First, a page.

Remember the storytelling course I did? Blogged about it here (part 1) and here (part 2).
Today, I put it into practise.
I wasn't going to, in spite of the fact I'd prepared a story. In fact, if Tahlita hadn't mailed me on Sunday evening, I never would have done it at all. Y'see, I was chickening out. Doing a story - of my own - without a book to hide behind was just too flippin' scary. But it was only a ten minute slot after all and I didn't want to let Tahlita down, so I said yes.
The daft thing is, I still had to write the story 'properly' on paper first - remember that whole 'embedding' issue? I used notes to remind me of the storyline during the actual telling - which, I hasten to add, got simpler and simpler as I went on because I simply couldn't remember everything!
The lovely thing about the session itself was that, of the five storytellers, only one had not been on the storytelling course with me; I was among familiar faces. It was a privilege to see how everyone else worked, using props and actions and involving the children. I was concentrating so hard on the story, I forgot all that! The kids just got me...and a story about The Story Bird.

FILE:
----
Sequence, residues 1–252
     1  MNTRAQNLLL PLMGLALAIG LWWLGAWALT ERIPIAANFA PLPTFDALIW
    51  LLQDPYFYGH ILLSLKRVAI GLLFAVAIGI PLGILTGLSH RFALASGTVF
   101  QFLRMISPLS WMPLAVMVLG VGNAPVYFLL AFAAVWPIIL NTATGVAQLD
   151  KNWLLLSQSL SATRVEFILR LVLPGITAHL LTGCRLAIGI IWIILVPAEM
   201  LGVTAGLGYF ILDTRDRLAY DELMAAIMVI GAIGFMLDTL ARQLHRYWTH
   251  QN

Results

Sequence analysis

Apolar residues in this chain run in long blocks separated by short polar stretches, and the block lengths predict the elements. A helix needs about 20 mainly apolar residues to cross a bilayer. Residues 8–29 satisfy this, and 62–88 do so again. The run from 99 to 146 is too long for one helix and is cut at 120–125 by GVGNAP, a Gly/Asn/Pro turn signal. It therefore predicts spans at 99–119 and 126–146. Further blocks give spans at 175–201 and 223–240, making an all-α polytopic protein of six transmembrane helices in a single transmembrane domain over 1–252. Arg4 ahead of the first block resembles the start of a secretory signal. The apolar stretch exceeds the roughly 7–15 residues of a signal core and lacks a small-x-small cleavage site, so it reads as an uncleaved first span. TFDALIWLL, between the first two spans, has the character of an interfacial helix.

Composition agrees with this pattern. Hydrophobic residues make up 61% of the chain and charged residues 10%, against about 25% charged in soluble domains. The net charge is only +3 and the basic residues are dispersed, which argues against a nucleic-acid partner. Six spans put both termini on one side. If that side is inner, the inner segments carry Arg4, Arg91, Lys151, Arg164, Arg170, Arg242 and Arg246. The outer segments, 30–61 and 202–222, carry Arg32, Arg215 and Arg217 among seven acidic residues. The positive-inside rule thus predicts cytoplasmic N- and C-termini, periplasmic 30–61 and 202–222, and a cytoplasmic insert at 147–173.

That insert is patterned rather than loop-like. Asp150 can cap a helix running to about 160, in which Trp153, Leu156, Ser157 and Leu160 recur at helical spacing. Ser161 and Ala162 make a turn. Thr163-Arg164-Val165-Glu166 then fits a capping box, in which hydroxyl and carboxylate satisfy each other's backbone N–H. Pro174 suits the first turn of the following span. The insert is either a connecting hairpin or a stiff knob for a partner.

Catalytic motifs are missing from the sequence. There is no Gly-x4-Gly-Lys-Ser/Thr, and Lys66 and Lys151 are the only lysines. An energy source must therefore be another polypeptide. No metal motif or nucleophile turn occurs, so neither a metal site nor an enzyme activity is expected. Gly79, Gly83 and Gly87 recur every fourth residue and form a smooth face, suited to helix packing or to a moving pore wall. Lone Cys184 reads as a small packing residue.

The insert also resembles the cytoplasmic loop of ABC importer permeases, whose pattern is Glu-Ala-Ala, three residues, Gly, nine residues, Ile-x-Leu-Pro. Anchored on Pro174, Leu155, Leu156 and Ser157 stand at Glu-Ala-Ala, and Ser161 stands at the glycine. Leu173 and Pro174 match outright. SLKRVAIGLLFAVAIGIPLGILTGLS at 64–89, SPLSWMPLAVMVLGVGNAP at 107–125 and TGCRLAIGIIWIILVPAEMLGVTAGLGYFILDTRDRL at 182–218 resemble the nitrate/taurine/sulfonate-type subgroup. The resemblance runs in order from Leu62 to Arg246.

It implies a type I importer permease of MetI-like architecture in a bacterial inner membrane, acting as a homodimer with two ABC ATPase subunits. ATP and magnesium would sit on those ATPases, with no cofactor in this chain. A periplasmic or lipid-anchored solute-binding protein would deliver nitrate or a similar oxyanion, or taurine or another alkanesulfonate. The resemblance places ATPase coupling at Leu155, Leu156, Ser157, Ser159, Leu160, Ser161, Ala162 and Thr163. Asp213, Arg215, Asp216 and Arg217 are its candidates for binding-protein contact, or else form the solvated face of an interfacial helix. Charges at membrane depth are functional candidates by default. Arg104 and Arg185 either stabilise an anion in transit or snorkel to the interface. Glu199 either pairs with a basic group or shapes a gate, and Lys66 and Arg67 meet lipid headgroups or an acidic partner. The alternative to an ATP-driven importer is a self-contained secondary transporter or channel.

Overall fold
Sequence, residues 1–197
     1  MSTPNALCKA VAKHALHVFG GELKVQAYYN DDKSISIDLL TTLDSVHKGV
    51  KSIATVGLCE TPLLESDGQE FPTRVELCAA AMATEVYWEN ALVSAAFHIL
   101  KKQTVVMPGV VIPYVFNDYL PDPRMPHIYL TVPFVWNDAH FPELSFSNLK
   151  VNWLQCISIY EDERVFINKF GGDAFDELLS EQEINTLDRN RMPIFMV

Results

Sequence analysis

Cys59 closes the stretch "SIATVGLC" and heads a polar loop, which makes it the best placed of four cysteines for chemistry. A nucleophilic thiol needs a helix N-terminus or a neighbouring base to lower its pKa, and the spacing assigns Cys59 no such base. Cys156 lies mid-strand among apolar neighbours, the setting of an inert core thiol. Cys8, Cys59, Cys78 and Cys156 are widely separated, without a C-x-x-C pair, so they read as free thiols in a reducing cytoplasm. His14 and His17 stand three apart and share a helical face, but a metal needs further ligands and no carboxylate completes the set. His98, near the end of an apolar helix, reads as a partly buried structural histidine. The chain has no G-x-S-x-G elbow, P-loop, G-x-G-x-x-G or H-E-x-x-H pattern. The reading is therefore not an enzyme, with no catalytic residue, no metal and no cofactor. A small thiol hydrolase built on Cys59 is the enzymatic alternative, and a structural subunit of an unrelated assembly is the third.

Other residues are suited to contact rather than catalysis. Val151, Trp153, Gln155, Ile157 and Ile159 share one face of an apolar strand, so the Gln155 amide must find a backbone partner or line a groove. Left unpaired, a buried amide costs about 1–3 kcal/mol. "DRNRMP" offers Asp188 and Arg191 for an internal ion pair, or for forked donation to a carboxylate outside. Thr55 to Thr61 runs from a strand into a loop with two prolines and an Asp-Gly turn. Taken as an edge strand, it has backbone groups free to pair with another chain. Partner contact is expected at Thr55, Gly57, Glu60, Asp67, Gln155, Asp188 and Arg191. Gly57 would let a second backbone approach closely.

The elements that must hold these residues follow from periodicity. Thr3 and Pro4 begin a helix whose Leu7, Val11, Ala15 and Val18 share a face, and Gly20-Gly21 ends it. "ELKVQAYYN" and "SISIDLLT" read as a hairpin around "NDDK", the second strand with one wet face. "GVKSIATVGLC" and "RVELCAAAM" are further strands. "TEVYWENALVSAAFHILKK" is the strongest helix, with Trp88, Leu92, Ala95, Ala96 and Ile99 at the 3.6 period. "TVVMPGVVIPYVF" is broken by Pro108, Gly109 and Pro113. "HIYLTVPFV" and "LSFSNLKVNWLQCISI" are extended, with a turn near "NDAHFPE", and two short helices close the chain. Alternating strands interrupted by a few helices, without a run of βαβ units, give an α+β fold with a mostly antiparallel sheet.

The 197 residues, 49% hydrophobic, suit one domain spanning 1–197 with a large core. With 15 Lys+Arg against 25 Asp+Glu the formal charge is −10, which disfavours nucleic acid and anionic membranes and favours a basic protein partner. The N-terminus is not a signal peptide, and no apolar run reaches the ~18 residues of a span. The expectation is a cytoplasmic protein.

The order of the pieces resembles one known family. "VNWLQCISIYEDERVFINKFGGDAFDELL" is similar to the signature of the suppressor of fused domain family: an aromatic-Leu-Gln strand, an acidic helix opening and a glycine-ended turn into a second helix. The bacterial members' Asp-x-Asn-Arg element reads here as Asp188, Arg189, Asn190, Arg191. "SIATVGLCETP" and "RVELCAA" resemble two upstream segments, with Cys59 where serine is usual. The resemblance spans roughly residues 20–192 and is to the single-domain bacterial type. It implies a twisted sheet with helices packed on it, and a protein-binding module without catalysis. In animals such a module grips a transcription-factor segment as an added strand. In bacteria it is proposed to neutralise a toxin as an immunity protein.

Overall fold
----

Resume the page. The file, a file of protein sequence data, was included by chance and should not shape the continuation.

I didn't even resort to the comfort of a storytelling chair - and at the moment, there's a TALKING LADYBIRD CHAIR in the Charnwood Museum as part of the Ladybird Books Centenary celebrations! Think I might have had to fight the kids for the privilege of sitting in it, now I think about it...
I came away feeling more confident, but with things to improve on, like involving the children more with actions and rhymes. Perhaps 'finishing' the story better to leave the listener to guess at what happens next rather than tying it off nicely? (Jury's still out on that one - part of me can see a place to cut it and leave the listener guessing, but part of me wants a happy ending.) And props - can I use them at all without them overpowering the story? (I also came away with what I assume is a lovely legend of how the man got into the moon...might be able to do something with that.)
I also realised that you don't have to make up the story you're telling each time - you can use traditional fairytales or legends. You just have to put your own spin on them and tell them the way you can, rather than in the way you can't.
So, a bit of a high spot in a horribly windy, yet beautifully sunny and dreadfully hailly day.